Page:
Zirulnick’s and her team’s efforts to use The New Tropic as a way to gather and amplify essential information did not go unnoticed online. A Twitter follower, @LizzyHazeltine, wrote, “I admire The New Tropic’s hurricane coverage that’s aimed at helping folks when it’s scary as all hell.” She declared, “That’s stellar local media in a nutshell.” Another, using the handle @thensim0nsaid, stated, “Coverage by The New Tropic of Hurricane Irma is really a case study in local journalism as service during crises.” On Facebook, a user named Michael C Fernandez commented, “I want to give y’all a shout-out for what you guys were doing before, during and after Irma. Your team has been providing timely, relevant content to help answer any of the questions that arise out of a hurricane. Thank you for the work you do! Props to Ariel and the rest of the team.”

TFAS trustee and alumnus, Eric Tanenblatt (ICPES 87), a partner at Dentons and a former vice chair of the board of the Corporation for National and Community Service, wrote an editorial in The Huffington Post in the wake of Hurricane Harvey. In it, he highlighted the heroic efforts of ordinary people who streamed into Houston in boats to rescue stranded citizens, and encouraged readers to participate in the recovery efforts themselves. He then made the point that companies as well as individuals can “be a hero to someone” by donating time, talent and funds to better their communities. “The tenderness demonstrated by the heroes of Hurricane Harvey,” he wrote, “ordinary people with a unique resource that met the call of an extraordinary challenge, proves that you needn’t immense wealth to help others, only a willingness.”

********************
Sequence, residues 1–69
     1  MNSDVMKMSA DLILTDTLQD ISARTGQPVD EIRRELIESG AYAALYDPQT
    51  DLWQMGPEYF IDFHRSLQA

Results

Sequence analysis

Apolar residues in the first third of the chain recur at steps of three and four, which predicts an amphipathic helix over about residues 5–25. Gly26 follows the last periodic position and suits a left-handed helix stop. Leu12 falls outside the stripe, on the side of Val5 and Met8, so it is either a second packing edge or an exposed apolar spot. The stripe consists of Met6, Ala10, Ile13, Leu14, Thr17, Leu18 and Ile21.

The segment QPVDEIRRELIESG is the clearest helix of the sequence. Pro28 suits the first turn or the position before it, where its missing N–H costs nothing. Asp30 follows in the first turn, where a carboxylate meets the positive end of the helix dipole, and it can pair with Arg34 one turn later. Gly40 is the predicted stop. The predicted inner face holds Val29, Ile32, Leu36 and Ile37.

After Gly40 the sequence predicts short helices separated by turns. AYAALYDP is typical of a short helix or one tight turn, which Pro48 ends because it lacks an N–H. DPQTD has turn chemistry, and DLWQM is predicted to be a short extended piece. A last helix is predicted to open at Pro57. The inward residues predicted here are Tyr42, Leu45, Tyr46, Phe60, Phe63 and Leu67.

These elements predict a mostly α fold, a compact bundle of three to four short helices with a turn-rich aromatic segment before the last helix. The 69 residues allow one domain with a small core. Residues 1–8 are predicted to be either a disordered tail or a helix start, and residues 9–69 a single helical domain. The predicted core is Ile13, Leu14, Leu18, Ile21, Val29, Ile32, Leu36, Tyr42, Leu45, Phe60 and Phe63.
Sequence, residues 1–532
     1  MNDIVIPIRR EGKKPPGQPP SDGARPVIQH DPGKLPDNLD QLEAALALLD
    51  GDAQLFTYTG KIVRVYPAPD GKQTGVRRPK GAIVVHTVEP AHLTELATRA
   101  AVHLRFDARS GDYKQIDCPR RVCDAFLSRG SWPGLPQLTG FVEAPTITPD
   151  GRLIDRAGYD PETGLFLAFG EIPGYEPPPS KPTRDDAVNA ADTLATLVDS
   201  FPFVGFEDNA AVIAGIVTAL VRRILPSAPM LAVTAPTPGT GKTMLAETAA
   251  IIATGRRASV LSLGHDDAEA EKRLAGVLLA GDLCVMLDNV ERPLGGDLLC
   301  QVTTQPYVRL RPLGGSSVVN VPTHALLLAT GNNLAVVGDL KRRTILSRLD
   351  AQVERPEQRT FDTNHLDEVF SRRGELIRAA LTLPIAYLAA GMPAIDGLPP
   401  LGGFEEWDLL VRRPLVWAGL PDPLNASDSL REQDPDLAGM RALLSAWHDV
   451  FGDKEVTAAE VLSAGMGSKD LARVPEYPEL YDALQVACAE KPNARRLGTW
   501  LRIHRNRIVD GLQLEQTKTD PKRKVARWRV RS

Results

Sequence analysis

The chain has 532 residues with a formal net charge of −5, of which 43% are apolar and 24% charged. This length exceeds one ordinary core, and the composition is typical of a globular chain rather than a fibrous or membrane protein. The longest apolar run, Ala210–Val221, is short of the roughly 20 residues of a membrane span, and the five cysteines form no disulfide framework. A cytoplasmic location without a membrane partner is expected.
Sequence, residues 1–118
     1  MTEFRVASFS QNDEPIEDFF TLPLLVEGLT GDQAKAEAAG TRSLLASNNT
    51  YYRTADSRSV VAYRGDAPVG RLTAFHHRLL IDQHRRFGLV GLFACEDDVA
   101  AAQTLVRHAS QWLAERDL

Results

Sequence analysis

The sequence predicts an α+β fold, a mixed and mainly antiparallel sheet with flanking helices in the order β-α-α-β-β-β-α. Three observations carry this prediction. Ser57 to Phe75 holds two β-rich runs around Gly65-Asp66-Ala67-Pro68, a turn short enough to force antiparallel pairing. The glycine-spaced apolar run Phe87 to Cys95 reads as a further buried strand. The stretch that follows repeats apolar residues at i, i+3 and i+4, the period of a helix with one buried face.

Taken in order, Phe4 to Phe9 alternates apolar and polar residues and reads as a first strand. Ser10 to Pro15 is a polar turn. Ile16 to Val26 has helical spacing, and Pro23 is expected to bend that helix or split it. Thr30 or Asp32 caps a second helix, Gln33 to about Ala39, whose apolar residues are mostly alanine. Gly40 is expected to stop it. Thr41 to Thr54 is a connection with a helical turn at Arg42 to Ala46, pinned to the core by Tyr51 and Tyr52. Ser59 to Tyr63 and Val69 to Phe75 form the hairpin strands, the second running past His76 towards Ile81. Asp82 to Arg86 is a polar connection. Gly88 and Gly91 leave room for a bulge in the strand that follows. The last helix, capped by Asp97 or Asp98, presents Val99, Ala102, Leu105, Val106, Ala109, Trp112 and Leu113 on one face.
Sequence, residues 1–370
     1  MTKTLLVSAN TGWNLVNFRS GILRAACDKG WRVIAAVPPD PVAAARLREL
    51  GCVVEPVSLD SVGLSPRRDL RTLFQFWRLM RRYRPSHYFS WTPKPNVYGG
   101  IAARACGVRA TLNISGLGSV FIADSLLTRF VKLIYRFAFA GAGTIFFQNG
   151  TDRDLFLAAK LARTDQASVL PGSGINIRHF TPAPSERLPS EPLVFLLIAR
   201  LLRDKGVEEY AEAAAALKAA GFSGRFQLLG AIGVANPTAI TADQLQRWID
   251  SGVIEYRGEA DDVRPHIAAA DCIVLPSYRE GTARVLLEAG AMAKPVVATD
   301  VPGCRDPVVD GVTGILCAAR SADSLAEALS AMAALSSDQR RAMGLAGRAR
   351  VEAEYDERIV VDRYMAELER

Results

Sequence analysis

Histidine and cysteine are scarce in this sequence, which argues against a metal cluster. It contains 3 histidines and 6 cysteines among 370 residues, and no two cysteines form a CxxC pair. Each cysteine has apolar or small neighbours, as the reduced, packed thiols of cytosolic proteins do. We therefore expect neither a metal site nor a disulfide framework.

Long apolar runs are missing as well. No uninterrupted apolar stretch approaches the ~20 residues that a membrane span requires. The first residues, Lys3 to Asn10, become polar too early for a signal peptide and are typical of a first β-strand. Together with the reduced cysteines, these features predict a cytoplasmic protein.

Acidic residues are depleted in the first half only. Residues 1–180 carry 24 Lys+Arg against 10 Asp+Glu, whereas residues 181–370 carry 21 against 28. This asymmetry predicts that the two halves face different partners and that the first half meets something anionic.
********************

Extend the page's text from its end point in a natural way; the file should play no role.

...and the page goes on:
“We’re all capable of accomplishing feats of goodness,” he continued, “both ordinary and extraordinary. If just one person with a boat could save a hundred stranded flood victims, imagine the magnifier effect of a mid-sized business serving the communities in which it operates.” He pointed out that many corporations have volunteerism programs that allow employees to take time off each week specifically to volunteer and that others, such as The Home Depot, have used their store space and products to provide tool-competency training to at-risk youth. Tanenblatt concluded by saying that small companies, too, can make an impact in their communities – even without the deep pockets of larger corporations – by creatively using their people and resources. He ended by calling on businesses of all sizes to find ways to leverage their resources to better their communities.

The staff, faculty, boards, alumni and friends of TFAS offer our heartfelt sympathies to those impacted by Hurricanes Harvey and Irma and our prayers for the families of those lost. We encourage our readers to consider donating time, talents and funds to aid those in the affected regions.

We, also, strive to teach TFAS students the importance of serving their communities through the ethical leadership emphasis in our programs and, in a more targeted way, in our Institute on Philanthropy and Voluntary Service (IPVS), a U.S. summer program that educates students about the American traditions of philanthropy and individual responsibility, teaching them that individual service and philanthropy are the truly American response to those in need. For more, information on the program, please visit the IPVS program page.